The Difference Of 16 Or 18 Gauge Nailer For Baseboard!

Even if you have the best stainable wood filler to patch up the surface, you’ll need a good nail gun to insert the nails. And thinking of that, most get into fights over 16 or 18 gauge nailer for baseboard and hardwood floors. 

As the 18-gauge and 16 gauge finish nailer don’t give the same results, choosing one gets harder.

Don’t worry! We’ll talk about this topic to give a clear idea of their differences so that you know which is best for your needs.

Now, which nailer is right to use for baseboard or other floors based on specialists? Keep on reading to find the answer….

16 or 18 gauge nailer for baseboard

The Difference Of 16 Or 18 Gauge Nailer For Baseboard & Other Floors

Their ability, travel capability, and usage are the reason why they differ. Plus, the 16-gauge nailer ensures the durable fitting of nails compared to the 18-gauge nailer.

For a successful DIY project, nail guns are important to get. As you are here to learn the 16 or 18 gauge nailer for hardwood floor and baseboard, going through their individuality will help pick the right one. And also, don’t neglect the quality and work type to decide one winner.

My Recommendation.

The Metabo HPT NT65M2S is a great choice if you need a quality 16-gauge finish nailer. Its 1” to 2-1/2” length range let users use it for fitting baseboards, crown, and so on.

Then again, the BOSTITCH BTFP12233 rocks in features and quality as an 18-gauge brad nailer. Its pointy nose and oil-free work make it one of the finest for installing sleek wood pieces.

To understand the following comparison segment, it’s essential to know the basic facts about them:

  • The 16-gauge nailer drives 16 gauge nails. In contrast, the 18-gauge nailer drives 18ga nails.
  • All the nailers aka nail guns are categorized by the thickness (gauge) of the specified nails.
  • The 16-gauge nailer is mostly referred to as finish nail guns and it can shoot for up to 2.5” longer nails. Conversely, the 18-gauge nailer is also known as brad nail gun as it can shoot long nails (up to 2”).

They Definitely Are Different in Usage.

The first point that poles them apart is the application purpose. To put it simply, all nail guns are made to use on specified projects. 

The 16-gauge nailer needs to fit nails on hard constructive floors to fit, such as:

  • Decorative items like crown molding.
  • Attaching board.
  • Chair rails.
  • Flooring. 
  • Baseboard

With the 18-gauge nailer, you can attach sleek and brittle-like pieces of wood for bradding, like:  

  • Casing. 
  • Thin pieces molding.
  • Baseboard.
  • Trim molding.
  • Fitting panels and veneers.

Deferring Both Nailers Based On Their Ability.

The biggest reason why the topic of 16 gauge vs 18 gauge nailer exists is because of the thickness. Basically, both of them has different ability to install in baseboard or other floors.

Starting with the 16-gauge nailer, it can attach a 0.0625” shank that comes in 1” to 3.5” length of the nail. And that’s the reason why it fastens thicker baseboards.

On the other hand, the 18-gauge nailer inserts 0.0475Z” shank that’s supplied in 0.5” to 2.5” length of the nail. And so, it can’t really do much to install thicker wood pieces.

Their Deepening Capability Is Not Same.

Another aspect that makes a huge gap between the 16-gauge and 18-gauge nail guns is the travel capability. Since both of them has an individual thickness (gauge), they tend to travel through wood pieces differently.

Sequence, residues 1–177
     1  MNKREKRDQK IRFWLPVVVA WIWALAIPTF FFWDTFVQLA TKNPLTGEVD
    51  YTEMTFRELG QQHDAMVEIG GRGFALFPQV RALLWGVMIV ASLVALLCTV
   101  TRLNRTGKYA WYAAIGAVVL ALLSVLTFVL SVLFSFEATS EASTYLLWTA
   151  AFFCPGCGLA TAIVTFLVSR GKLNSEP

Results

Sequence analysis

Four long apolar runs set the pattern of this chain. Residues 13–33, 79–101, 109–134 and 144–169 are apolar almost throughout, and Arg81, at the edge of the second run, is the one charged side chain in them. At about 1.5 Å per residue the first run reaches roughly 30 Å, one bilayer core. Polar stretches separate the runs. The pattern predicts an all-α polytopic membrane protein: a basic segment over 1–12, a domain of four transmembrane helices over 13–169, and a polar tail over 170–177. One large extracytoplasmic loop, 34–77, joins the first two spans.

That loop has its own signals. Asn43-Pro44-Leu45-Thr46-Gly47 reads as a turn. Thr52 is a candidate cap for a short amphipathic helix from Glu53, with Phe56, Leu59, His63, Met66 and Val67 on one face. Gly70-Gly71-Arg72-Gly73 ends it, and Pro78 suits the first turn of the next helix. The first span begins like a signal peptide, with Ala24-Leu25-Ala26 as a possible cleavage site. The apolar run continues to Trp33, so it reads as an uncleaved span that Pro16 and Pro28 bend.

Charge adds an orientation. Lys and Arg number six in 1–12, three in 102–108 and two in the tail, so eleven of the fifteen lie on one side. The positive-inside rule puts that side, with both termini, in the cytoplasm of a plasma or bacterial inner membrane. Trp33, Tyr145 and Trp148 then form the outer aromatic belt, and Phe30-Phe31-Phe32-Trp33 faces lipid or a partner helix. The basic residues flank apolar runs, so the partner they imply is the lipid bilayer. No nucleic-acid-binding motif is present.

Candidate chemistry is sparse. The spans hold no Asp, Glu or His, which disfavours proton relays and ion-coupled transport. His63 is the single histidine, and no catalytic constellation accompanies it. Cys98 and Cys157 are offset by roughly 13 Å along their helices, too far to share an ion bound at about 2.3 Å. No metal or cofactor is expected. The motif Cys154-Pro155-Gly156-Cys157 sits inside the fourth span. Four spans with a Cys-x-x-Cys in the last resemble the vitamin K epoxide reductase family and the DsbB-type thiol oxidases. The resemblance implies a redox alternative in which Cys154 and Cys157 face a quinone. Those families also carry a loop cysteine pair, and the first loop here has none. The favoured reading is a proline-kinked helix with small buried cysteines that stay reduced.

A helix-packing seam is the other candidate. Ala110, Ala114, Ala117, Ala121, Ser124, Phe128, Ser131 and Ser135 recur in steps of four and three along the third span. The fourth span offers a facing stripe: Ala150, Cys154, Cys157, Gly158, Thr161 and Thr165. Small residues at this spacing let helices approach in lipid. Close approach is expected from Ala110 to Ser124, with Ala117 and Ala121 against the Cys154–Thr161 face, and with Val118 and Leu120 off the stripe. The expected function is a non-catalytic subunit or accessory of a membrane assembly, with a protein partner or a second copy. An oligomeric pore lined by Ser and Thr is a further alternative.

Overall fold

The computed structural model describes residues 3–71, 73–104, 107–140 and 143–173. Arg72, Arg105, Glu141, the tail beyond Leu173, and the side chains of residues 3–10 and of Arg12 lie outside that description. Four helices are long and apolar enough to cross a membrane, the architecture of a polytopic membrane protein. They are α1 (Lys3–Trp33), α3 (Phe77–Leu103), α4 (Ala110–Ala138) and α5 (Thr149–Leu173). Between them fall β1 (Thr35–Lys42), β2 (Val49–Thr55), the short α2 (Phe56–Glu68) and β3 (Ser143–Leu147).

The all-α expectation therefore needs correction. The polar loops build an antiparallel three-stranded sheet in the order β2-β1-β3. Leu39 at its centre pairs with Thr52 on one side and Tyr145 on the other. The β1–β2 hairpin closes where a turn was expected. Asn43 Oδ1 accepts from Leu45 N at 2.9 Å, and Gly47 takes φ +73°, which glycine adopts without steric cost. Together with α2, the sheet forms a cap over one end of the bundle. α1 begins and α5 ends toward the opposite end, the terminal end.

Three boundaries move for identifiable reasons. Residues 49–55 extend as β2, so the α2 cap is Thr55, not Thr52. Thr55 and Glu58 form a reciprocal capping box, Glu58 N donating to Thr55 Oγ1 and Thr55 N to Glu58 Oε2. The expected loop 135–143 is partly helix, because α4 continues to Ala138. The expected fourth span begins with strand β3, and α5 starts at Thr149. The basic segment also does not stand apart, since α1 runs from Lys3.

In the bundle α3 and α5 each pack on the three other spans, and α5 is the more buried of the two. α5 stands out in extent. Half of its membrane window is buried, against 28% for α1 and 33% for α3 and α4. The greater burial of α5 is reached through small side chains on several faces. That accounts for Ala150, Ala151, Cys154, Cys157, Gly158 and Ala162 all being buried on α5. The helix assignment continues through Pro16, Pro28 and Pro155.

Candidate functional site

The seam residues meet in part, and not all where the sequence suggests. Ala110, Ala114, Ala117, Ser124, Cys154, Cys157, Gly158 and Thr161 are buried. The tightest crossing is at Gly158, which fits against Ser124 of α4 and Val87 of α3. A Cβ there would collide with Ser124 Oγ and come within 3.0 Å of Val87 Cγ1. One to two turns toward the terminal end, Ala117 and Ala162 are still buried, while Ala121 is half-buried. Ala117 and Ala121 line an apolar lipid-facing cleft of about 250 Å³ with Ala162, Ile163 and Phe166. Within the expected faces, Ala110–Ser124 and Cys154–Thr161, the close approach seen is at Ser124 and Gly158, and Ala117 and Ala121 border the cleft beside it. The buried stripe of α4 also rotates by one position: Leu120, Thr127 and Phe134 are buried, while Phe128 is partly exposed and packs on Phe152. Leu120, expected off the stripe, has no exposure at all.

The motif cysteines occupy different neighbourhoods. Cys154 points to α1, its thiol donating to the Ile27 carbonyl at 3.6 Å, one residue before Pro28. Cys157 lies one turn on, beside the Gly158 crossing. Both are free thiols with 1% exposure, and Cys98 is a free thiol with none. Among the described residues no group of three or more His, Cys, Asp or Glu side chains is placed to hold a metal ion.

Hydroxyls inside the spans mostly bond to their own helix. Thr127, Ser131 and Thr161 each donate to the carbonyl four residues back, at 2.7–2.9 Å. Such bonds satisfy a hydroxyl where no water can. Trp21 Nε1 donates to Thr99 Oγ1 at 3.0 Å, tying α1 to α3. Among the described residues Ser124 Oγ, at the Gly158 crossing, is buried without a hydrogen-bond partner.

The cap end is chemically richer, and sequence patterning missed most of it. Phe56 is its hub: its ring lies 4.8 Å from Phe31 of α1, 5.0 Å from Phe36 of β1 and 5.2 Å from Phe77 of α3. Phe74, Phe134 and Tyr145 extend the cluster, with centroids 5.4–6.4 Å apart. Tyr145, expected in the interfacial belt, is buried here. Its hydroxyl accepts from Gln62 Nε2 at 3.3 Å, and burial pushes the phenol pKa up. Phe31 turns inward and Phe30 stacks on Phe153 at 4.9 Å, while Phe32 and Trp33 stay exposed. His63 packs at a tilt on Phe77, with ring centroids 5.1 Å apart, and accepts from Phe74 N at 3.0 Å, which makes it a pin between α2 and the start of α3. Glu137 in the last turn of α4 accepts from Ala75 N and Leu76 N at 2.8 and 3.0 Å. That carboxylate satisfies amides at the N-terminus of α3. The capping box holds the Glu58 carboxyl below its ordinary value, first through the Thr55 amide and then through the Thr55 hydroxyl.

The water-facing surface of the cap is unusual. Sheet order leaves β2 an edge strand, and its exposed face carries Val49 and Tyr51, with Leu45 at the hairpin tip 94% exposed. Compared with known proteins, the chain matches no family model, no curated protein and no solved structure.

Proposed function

The finish nail gun (16-gauge) has a larger head that aggressively travels through the wood frame, making the surface split unlike others. However, this won’t be a big issue as most of the time it’s being used on the denser and thicker baseboards.

Quite the opposite, the brad nail gun (18-gauge) contains a smaller head that leaves no visible marks or holes on the wood surface. And with this, you don’t have to spend more bucks on filling or sanding use compared to the 16-gauge nailer.  

Note: Both 16 gauge and 18-gauge nailers are designed in pneumatic and battery-powered versions. Go for the pneumatic one for the compressor feature in nailers. And if you can’t tolerate buzzing noise, then hop for it.

Frequently Asked Questions.

1. Can you use 18 gauge nails in a 16 gauge nailer?

Not a good idea though. Made to use on specific nail sizes, the nailers can act differently if added an incorrect size. Besides, it might cause early wear of the nailer or serious damage.

2. What can you do with an 18 gauge nailer?

With it, you can make a smaller hole on a slim frame of wood easily. And, it won’t make a mess when used for DIY home projects.

3. What size nails for 3/4 hardwood flooring?

I suggest using 1-3/4” (1.75”) nails for 3/4 hardwood flooring. It’s always better to look into the recommended flooring dimension to know which sized nail is good. 


Well, that was our effort to explain all the differential points of both these nailers. Thinking of the holding power, wood thickness, and working types, deciding one from 16 or 18 gauge nailer for baseboard floors should be easier. 

If you want my opinion on that, I would suggest the 16-gauge nailer for thicker woods like crown mold or staircase appliance to install.

Then again, using the 18-gauge nailer would be ideal for installing thinner wood such as maple or slim timber slice with nails. And this won’t cause wood piece splitting issue.

And if money isn’t a big problem, then just add both to your cart to use on different working types. Hopefully, this guide didn’t let you down and was able to sort your dilemma on picking one. That’s all for today. I’ll catch you on the next guide. Good Bye!

About Sam Maxi

Hi, this is Sam Maxi. I love talking about woodwork tools and my reviews are mostly based on the experience I have from my work. Apart from reviewing, I am a huge fan of surfing. Also, I love watching horror genre movies.

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